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it's built on the same lot as their old one, but meets new, tougher, fire-resistant building standards. now they say their task is to make it a home.fo r the pbs newshour, i'm john yang in santa rosa, california. >> woodruff: and that's the newshour for tonight. i'm judy woodruff. join us online and again here tomorral evening. foof us at the pbs newshour, thank you and see you soon. >> major funding for the pbs newshour has been provided by: >> ordering takeout. >> finding the west route. >> talking for hours. >> planning for showers.o >> you cane things you like to do with a wireless plan designed for you. with talk, text and data. consumer cellular. learn more atns ercellular.tv >> babbel. a language app that teaches real-life conversations in a new language, like spanish, french, german, italian, and more.
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>> and with the ongoing support of these institutions and individuals. >> this program was made possible by the corporation for public b and by contributions to your pbs station from viewers like you. thank you. captioning sponsored by newshour productions, llc captioned media access group at wgbh access.wgbh.org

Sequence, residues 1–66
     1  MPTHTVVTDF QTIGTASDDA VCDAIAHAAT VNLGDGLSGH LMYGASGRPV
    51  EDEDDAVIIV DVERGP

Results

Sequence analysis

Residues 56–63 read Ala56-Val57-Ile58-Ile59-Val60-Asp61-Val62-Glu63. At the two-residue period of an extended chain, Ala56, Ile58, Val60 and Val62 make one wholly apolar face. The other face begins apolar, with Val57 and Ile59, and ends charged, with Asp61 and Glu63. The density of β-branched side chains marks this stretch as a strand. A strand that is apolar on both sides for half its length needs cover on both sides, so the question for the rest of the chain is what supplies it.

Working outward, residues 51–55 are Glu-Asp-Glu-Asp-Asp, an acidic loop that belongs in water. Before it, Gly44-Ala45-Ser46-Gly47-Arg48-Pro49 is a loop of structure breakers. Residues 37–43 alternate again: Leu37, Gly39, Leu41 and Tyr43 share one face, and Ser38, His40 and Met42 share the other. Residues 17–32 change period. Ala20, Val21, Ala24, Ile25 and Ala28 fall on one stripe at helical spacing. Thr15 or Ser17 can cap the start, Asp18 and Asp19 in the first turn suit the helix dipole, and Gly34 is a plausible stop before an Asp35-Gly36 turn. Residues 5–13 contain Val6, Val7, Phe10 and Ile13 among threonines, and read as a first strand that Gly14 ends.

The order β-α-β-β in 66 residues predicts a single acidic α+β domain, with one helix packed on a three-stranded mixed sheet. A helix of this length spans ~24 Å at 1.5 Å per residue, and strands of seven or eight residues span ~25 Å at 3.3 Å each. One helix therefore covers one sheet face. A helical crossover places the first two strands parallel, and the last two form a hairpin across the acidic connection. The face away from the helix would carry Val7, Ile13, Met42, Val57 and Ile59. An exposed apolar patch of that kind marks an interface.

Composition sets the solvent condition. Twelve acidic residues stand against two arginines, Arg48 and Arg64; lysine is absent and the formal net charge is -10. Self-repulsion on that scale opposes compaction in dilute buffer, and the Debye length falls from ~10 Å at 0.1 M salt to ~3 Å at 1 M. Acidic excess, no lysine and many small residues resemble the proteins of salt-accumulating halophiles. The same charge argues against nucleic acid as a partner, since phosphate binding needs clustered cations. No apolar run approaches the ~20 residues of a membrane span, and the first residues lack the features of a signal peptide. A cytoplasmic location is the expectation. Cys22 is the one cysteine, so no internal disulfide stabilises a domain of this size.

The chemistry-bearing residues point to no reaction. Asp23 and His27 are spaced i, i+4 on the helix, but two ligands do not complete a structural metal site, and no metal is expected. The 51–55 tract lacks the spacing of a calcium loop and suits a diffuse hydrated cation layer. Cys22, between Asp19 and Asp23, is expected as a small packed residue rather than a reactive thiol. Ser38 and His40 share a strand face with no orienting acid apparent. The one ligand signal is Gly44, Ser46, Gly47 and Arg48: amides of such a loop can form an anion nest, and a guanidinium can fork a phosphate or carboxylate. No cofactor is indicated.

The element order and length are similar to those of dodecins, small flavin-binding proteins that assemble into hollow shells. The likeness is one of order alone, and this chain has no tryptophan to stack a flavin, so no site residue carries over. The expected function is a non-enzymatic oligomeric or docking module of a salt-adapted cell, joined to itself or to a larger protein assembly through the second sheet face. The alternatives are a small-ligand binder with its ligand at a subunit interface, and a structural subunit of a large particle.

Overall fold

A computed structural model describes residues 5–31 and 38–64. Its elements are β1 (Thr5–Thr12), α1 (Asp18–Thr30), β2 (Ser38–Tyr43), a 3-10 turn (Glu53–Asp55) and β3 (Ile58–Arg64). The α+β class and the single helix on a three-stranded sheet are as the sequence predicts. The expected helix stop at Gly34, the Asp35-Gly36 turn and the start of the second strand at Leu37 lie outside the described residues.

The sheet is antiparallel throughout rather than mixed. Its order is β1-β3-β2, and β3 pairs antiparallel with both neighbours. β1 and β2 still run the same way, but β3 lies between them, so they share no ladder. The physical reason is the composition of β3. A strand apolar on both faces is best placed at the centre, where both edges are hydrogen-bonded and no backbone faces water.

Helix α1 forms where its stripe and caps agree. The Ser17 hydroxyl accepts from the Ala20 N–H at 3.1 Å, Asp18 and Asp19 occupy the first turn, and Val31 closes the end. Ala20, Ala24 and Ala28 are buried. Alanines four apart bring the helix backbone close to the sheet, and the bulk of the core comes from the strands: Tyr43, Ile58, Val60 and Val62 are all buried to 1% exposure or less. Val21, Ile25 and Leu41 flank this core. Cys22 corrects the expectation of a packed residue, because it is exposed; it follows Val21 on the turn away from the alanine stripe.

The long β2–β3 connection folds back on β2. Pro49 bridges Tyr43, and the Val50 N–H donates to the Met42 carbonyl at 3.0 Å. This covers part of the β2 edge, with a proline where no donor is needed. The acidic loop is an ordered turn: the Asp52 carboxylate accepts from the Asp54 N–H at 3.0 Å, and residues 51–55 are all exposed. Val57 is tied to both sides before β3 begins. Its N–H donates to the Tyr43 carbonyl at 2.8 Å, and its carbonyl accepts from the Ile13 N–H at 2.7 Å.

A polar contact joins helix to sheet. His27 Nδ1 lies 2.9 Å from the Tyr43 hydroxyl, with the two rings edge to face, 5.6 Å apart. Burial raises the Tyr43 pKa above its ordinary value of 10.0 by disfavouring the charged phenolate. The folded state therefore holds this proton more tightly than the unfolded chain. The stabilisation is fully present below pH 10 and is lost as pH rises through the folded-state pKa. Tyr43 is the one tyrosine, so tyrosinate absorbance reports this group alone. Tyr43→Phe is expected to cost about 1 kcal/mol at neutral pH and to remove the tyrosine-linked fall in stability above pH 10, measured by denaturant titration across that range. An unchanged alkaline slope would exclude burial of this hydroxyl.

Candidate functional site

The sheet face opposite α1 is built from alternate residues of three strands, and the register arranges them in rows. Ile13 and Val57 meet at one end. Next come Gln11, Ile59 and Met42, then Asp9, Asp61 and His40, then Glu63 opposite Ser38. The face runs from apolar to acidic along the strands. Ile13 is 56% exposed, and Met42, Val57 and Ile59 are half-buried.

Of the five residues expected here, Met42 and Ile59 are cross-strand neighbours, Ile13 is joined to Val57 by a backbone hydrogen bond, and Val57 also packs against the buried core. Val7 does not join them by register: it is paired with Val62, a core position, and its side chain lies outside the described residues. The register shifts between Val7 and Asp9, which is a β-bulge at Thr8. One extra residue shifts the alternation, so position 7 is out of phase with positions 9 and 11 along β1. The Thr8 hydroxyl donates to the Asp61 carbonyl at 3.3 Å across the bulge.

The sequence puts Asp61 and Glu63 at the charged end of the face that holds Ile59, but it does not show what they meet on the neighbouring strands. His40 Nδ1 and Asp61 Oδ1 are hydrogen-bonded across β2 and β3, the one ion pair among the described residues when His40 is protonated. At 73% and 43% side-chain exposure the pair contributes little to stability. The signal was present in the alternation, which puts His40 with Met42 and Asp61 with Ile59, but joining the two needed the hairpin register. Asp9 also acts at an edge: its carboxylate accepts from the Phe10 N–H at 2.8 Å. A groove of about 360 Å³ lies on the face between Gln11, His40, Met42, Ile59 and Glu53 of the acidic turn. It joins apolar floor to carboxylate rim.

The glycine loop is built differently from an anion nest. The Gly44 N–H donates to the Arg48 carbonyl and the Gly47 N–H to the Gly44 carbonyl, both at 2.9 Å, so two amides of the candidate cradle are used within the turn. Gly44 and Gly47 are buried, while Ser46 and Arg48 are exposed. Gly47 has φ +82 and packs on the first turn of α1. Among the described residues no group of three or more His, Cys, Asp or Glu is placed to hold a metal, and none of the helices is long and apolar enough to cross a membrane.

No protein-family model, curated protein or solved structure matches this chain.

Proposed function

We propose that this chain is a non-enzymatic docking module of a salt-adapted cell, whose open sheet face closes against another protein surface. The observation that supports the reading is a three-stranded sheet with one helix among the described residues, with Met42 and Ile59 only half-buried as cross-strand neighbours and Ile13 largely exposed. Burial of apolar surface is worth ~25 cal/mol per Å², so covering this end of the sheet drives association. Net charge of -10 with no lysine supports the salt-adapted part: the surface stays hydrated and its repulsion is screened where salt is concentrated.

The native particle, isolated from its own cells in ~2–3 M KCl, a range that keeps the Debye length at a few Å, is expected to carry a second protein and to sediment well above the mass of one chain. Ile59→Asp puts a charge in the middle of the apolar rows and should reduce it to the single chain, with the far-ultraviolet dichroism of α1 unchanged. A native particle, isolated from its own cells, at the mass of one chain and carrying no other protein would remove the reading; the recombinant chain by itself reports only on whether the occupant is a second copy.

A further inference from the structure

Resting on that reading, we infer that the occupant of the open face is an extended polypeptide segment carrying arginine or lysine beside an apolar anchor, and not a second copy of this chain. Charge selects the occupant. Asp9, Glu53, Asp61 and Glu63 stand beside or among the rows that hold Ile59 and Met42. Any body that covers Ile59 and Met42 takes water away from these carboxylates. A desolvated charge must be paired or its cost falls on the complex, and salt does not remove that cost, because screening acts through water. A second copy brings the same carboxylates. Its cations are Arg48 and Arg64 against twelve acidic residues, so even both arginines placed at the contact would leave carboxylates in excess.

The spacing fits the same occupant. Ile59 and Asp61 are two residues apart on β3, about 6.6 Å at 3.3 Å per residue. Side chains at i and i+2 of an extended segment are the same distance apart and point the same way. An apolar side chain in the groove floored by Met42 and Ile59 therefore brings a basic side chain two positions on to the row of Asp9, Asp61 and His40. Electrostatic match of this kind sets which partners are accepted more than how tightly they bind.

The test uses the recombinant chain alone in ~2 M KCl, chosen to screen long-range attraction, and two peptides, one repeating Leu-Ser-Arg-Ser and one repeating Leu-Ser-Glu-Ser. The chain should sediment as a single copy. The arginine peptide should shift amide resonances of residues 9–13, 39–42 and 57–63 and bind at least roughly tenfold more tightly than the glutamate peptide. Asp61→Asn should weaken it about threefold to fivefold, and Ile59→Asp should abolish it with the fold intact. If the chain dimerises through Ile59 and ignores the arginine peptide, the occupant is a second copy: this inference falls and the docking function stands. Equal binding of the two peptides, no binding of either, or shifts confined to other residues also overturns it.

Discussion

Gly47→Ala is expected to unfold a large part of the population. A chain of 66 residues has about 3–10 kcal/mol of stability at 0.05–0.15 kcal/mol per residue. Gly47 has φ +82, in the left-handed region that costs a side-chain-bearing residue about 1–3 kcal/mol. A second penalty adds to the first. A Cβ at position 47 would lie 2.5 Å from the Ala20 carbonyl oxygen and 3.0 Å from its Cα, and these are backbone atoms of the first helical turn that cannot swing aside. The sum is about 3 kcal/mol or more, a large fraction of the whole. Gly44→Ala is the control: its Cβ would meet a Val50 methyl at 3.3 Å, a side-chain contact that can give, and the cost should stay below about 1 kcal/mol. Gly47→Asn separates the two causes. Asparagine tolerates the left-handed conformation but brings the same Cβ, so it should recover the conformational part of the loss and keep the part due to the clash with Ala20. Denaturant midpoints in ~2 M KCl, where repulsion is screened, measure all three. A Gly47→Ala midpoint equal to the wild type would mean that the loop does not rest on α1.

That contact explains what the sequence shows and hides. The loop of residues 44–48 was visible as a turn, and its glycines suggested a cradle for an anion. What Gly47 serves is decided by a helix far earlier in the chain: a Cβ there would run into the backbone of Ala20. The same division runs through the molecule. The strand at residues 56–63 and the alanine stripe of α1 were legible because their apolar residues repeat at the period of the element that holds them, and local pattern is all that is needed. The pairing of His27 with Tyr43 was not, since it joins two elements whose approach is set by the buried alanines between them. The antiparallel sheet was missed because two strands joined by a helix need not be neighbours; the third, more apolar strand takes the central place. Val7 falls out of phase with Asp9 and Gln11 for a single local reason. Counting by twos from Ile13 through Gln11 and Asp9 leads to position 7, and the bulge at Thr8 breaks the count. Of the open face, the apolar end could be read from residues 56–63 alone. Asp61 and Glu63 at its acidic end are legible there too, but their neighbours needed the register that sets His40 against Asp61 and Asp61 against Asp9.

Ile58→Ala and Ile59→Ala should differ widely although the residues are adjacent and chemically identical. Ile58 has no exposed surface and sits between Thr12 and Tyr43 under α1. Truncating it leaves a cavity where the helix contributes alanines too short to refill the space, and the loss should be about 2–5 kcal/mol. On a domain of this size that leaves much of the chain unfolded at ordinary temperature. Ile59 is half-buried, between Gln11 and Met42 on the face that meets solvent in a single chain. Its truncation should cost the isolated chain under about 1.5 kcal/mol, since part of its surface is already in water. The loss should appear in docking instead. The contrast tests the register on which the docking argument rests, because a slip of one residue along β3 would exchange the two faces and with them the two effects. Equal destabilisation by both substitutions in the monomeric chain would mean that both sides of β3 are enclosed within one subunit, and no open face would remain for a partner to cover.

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>> hello, everyone. and welcome to amanpour and company. today we are looking back some of our favorite interviews from this year. so here's what's coming up. across america, tens of thousands of teachers are walking out of their classrooms. we look athat is driving them to strike. then gillian anderson in a cutting edge role written 70 years ago. >> fasten your seat belts. >> taking on the character betty davis memorialized on screen in "all about eve. >> and bruce sp man talks to our walter